And that Quebec tweet:

UPDATE:

1)

2)

Mark Collins

Twitter: @mark3ds

Putin vs Ukraine and the West? When will Europe Wake Up?

Julian French-Lindley opens this piece with a horrifically graphic account of the start on an all-out war begun by Russia and follows with three scenarios as to how the current crisis may go. He then discusses the X factor of the PRC and the dilemma presented by ongoing major threats in both the Indo-Pacific and Europe. The following in his conclusion:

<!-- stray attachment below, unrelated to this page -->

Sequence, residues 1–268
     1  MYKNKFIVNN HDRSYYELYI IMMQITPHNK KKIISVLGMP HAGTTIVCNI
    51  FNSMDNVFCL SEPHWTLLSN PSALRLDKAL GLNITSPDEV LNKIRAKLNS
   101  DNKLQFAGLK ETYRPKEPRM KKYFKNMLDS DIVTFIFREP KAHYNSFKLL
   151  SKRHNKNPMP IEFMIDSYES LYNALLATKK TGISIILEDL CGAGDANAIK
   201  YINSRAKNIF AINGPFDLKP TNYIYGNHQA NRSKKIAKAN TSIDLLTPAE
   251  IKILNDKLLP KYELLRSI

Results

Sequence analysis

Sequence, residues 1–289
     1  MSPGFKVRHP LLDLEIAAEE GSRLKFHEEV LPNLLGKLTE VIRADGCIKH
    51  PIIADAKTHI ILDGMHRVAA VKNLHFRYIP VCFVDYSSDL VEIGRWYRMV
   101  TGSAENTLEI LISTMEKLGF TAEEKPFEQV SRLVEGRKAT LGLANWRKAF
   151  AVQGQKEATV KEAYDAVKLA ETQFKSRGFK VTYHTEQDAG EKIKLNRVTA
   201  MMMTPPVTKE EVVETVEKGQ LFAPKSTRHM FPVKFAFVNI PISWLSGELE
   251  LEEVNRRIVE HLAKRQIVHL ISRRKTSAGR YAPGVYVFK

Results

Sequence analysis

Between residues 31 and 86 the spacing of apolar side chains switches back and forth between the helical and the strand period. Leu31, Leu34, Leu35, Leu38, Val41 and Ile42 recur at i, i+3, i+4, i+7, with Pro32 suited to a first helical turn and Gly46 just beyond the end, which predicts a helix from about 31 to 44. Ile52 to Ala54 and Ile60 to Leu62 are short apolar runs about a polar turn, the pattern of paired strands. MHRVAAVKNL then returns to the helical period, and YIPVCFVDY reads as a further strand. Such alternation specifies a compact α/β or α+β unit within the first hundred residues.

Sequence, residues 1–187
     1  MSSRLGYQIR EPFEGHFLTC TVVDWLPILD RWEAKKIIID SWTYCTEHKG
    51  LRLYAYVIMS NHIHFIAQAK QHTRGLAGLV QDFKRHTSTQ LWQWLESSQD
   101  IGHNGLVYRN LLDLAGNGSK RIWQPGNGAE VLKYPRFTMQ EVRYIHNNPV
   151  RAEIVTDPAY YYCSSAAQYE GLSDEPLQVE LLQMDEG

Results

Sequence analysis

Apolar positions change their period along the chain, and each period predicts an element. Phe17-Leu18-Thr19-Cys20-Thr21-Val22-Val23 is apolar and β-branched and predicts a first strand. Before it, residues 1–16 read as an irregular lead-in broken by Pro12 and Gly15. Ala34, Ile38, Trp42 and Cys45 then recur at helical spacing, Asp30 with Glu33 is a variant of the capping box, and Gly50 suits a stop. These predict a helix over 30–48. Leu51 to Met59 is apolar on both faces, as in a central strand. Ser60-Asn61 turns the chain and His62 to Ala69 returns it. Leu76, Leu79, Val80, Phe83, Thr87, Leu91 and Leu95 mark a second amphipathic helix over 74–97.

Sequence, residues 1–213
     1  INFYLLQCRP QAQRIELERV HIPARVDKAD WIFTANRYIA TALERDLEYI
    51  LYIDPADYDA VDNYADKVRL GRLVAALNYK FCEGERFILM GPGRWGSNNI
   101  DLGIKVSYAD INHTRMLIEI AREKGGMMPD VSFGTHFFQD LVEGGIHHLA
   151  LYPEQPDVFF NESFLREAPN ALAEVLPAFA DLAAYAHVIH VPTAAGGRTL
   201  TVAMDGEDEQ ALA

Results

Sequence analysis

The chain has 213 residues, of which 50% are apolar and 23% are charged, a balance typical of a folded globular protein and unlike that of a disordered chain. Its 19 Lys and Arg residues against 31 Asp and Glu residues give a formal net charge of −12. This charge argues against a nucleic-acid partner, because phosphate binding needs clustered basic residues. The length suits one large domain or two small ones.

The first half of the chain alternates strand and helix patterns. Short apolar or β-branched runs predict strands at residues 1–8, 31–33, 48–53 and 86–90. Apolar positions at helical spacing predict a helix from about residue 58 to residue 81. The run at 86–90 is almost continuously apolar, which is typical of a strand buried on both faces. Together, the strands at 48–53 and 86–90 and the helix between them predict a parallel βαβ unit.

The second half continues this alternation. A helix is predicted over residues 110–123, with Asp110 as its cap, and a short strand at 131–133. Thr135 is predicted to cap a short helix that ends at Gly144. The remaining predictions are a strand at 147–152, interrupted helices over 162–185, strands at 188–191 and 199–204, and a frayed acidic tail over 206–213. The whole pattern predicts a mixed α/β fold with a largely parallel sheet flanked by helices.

Frozen War: The Whiff of Munich?

Ukraine, Europe and the fall of Singapore

Eighty years ago today British Imperial and Dominion forces surrendered to their Japanese conquerors.  It was perhaps the worst British military defeat in history.  Much has been written about the fall of Singapore and the incompetence that led to it. The real reason was that by 1942 Britain was heavily engaged in multiple theatres from the Atlantic to North Africa and was simply unable to defend the eastern Empire [and Australians have never forgotten and have relied on the US for security back-up ever since–see this piece at the Australian Strategic Policy Instute]…